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This sections contains a database of documents on child trafficking. Users can research by title, author, editor/organization, type, topic, keywords, geographic descriptors and year of publication.
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Type of document: News
Topic: Law enforcement
Trafficking patterns
Geographic descriptors: Canada
Language: English
Publisher: VANCOUVER.CBC.CA
Date of publication: 17 November 2004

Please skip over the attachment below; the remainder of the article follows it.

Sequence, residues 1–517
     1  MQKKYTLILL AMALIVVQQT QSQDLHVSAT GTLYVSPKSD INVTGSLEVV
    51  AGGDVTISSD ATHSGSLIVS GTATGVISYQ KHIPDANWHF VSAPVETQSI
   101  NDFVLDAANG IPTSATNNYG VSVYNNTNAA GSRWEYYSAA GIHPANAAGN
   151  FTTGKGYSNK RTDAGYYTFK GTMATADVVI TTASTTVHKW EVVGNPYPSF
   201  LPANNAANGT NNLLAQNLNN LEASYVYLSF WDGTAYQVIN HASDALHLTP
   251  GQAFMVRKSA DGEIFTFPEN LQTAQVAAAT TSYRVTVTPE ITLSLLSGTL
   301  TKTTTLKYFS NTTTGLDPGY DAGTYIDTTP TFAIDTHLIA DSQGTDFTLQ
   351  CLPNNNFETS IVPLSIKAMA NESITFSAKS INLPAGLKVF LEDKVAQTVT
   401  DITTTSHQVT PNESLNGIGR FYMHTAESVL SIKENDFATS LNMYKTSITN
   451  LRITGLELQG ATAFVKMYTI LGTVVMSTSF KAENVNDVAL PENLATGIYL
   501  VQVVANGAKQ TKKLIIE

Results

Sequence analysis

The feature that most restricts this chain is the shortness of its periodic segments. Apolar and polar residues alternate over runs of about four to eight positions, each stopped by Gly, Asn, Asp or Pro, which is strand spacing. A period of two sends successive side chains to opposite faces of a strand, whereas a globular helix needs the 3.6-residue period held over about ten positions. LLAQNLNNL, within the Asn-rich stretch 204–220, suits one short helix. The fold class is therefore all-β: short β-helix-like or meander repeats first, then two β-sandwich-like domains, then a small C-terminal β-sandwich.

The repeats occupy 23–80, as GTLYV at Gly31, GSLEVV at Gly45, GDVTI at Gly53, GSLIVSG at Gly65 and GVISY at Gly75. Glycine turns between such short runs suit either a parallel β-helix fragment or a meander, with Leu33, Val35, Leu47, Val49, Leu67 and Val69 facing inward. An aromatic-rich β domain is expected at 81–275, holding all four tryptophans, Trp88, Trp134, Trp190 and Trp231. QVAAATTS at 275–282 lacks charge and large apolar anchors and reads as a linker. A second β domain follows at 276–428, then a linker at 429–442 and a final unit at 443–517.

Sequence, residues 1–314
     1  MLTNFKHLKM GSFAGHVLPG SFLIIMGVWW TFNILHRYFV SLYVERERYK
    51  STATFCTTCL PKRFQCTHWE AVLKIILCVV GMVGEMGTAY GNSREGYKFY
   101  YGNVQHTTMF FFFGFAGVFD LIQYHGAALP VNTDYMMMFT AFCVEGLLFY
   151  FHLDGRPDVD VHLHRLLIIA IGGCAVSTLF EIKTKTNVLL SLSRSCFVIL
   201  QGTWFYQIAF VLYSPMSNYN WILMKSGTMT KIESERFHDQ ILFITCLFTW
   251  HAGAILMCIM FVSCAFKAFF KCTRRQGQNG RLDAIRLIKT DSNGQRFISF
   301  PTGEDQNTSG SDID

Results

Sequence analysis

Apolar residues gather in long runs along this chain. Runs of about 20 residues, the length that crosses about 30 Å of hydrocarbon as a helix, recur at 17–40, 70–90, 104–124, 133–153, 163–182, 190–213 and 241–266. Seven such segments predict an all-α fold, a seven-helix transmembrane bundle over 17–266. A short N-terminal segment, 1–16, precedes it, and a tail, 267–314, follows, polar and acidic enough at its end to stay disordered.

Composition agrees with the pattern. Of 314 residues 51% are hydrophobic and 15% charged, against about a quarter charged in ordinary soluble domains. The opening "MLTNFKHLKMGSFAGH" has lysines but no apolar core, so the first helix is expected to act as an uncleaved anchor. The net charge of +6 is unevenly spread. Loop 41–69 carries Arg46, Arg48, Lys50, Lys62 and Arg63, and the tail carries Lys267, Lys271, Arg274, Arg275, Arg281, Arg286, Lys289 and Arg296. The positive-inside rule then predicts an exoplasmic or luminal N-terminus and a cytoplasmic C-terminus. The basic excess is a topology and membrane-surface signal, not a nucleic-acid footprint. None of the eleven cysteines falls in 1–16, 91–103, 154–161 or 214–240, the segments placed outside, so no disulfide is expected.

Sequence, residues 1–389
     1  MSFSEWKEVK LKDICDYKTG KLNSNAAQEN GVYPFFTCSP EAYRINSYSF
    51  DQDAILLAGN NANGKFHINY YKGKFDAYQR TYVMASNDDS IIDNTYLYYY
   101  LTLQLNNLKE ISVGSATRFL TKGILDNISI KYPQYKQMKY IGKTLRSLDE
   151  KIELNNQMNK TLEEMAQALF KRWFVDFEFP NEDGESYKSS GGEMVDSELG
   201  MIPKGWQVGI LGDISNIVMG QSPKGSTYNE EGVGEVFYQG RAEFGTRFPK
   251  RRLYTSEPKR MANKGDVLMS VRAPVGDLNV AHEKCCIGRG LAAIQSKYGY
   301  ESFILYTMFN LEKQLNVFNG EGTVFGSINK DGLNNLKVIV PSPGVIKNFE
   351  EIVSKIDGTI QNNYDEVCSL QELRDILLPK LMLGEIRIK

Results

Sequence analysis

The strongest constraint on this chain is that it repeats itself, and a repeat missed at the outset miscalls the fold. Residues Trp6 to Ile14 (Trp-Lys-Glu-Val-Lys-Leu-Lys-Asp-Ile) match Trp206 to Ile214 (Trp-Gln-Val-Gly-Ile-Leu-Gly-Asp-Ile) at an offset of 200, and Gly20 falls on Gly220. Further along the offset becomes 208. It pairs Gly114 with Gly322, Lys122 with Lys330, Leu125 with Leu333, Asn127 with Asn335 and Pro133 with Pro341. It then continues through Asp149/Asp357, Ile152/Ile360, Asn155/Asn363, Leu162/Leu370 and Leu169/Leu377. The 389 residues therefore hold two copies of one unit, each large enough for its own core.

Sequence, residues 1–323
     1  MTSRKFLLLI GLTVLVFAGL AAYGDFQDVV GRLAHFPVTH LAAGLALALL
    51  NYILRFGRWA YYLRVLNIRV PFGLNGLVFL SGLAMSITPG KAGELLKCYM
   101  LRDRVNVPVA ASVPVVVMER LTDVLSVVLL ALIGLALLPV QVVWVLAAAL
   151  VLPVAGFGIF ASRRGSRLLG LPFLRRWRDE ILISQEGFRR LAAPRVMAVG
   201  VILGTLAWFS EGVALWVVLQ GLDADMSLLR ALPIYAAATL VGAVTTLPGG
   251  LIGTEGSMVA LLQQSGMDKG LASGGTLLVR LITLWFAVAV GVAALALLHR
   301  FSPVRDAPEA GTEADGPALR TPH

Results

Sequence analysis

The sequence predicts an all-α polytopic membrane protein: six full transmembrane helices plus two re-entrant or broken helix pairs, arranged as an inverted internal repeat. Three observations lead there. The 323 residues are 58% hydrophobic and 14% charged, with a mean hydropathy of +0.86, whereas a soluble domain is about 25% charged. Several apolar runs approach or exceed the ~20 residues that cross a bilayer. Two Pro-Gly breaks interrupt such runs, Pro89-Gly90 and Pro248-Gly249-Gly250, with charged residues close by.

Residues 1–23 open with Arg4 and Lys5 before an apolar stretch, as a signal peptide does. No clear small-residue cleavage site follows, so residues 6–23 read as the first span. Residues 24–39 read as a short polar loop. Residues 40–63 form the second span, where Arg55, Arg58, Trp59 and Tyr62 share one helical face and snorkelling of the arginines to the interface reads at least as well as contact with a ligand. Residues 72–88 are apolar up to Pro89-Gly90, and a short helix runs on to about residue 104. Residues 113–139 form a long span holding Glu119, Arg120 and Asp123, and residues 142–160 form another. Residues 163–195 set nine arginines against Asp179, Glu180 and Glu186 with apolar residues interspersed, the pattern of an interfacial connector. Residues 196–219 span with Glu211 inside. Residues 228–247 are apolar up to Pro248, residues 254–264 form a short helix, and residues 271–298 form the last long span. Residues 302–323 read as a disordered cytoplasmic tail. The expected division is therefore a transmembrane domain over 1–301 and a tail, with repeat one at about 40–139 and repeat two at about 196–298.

Long Abstract: Victims' groups say the rarity of the trafficking charge indicates the federal government is not doing enough to combat human trafficking. Deborah Isaacs of MOSAIC – a Vancouver group that assists immigrants and refugees – says prosecutions such as this one are few and far between. And she says much more needs to be done because life for women being trafficked into Canada is very hard. "Very isolating. They don't have much contact, they have no freedom," she says. "For those in prostitution, they may have to have an enormous number of clients a day to meet the demand." Naomi Minwalla, an immigration lawyer who deals with victims of sex-trade trafficking, agrees that no one appears to be paying attention to the problem. "There seems to be a clear lack of communication between parties who should have an interest in eliminating this problem," she says. • LINK: Status of Women Canada background on trafficking in women RCMP Supt. Bill Ard is in charge of a 35-member team in B.C. that investigates human trafficking. He admits police don't know the extent of the problem. But Ard says steps are being taken to get a handle on the situation. "The bottom line is we're still getting going with this and I don't know what the future will hold." The RCMP is responsible for investigating human trafficking cases under the 2002 Immigration and Refugee Protection Act. So far, there have been no convictions under the legislation. One of Chatha’s other relatives has been dealt with for deception offences. The other three detained in the October 2003 raid were released without charge. The people arrested in France are in custody awaiting trial. Detective Superintendent Paul Owen, of the National Crime Squad, said: “Today marks another significant step in the on-going battle to disrupt and dismantle organised crime networks involved in this lucrative and harmful activity. “We aim to make the UK the most hostile environment for them to try and operate in. It is the culmination of months of hard work and close co-operation between a number of agencies. “There has been a great deal of support given to the operation by the Ocriest (central office for the repression of illegal immigration and the employment of illegal immigrants) in France, the West Mercia and West Midlands Police forces, the Immigration Service and the National Criminal Intelligence Service.” Mr Owen said the immigrants paid thousands of pounds to the sophisticated network and were put up in safe houses in France before being transported to the UK. Chatha arranged for the immigrants to work in one of his shops to pay off their transport fee. They also had to work to pay off the Indian passports he gave them in their name that had forged “leave to stay” stamps on them. His sister-in-law was described as having a “support role” and looked after the immigrants when they arrived in the Shropshire area and did his accounts. Some of the illegal immigrants were housed above the fish and chip shops and at his home. Singh was a customer who paid for an immigrant. He was stopped by officers on his way back to Leicester. All the immigrants who were detained have been dealt with the Immigration Service. The operation follows information from another gang who were smuggling people into the UK for Chatha’s gang. They were jailed in May this year for a total of 20 years.
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